Saw this in The Wit and Wisdom of Mark Twain:
A woman was once introduced to Mark Twain at a Christmas party. Feeling obliged to discuss literature, she asked him if he thought a book was the most useful gift one could give. He replied:
“Yes, but of course it depends on the book. A big leather-bound volume makes an ideal razorstrap. A thin book is useful to stick under a table with a broken caster to steady it. A large, flat atlas can be used to cover a window with a broken pane. And a thick, old-fashioned heavy book with a clasp is the finest thing in the world to throw at a noisy cat [without hitting the creature, of course! -cjj].”
Now I’ve an addition to Twain’s list. This morning I played the book game that’s been traversing the Internet for a few years. It works like this:
Turn to page 52 of a book near you. Scan down to the fifth sentence and write it out.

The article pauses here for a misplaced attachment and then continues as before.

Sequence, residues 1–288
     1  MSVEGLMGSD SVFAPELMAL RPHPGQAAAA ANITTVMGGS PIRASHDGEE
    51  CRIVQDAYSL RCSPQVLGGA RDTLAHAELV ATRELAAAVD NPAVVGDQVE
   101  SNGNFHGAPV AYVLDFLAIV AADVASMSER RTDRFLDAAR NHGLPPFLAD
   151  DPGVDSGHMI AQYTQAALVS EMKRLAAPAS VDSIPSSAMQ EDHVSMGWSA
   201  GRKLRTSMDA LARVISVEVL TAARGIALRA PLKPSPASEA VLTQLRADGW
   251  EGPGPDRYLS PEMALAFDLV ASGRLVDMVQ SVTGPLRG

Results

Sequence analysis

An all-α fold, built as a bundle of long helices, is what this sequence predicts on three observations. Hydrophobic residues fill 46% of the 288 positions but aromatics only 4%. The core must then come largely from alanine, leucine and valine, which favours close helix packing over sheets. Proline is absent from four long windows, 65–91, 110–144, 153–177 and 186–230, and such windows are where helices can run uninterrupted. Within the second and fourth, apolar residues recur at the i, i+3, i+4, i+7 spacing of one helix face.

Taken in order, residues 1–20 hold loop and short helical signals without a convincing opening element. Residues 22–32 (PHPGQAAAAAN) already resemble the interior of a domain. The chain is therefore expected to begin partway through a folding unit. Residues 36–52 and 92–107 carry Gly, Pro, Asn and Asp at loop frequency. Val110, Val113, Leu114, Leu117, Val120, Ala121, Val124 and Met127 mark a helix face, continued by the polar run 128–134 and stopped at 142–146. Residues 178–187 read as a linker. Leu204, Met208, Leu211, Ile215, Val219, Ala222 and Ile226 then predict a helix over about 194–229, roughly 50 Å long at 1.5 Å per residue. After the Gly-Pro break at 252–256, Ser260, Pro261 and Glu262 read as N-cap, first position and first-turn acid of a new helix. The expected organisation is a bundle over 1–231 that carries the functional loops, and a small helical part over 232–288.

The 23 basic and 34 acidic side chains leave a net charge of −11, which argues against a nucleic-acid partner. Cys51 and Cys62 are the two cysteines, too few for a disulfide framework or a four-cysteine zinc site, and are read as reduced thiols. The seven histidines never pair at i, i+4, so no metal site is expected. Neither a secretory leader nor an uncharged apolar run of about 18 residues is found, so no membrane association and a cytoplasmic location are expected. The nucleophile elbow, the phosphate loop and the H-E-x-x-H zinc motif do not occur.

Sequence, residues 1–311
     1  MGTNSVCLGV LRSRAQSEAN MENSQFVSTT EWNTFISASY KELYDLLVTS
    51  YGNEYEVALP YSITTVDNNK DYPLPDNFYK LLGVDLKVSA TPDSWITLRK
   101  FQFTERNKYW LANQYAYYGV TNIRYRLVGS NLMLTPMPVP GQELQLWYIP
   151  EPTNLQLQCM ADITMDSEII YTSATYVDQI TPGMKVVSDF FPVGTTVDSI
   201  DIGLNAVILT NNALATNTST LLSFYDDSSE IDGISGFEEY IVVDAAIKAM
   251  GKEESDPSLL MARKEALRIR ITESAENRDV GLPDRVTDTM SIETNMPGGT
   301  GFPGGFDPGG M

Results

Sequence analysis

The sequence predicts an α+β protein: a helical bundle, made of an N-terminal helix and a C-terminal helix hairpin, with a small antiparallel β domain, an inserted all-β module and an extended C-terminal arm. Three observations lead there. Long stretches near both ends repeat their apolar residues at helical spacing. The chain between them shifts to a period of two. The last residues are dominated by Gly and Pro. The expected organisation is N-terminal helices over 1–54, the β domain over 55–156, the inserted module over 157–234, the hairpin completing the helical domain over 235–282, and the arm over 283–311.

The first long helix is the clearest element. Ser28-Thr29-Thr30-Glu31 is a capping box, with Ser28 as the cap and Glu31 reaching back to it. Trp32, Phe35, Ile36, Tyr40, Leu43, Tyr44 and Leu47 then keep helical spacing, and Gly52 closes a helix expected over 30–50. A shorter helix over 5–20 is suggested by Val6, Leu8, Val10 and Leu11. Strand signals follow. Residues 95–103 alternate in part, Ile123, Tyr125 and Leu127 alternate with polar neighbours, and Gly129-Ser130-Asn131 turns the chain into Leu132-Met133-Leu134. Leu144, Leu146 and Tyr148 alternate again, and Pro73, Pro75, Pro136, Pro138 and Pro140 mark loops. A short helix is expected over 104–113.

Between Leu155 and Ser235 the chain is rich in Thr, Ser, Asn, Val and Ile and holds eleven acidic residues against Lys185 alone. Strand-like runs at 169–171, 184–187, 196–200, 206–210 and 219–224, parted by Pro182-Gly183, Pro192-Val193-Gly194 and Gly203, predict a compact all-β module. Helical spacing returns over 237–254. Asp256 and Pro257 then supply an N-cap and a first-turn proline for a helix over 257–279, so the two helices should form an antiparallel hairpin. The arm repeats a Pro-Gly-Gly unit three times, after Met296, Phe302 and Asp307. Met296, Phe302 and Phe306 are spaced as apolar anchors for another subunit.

I saw some examples that were intriguing, and a collection of examples that made a surreal little story. I reasoned that because I read several books at a time, I should be able to create a nice mash-up of fifth sentences.
Marilynne Robinson’s poetic first novel Housekeeping, for example, contains precious little dialogue; instead, she writes long descriptions and ruminations about loss and identity. The book deserves to be read slowly and thoughtfully. So imagine my surprise to copy this as the fifth sentence on page 52:
That’s it! A one-word sentence. And the sentences from the other books weren’t any more interesting.
So I tried a workaround—the sixth sentence of page 66. This time Marilynne Robinson’s exquisite writing gave me:
I give up. Maybe the trick is combining sentences from a variety of readers rather than from one reader’s variety of books. Why don’t YOU try this game and share your results on Lull. Or, if you prefer, you may e-mail me your sentences and I’ll include them in a future post.
[Photographer unknown; found on Spine Facing Out.]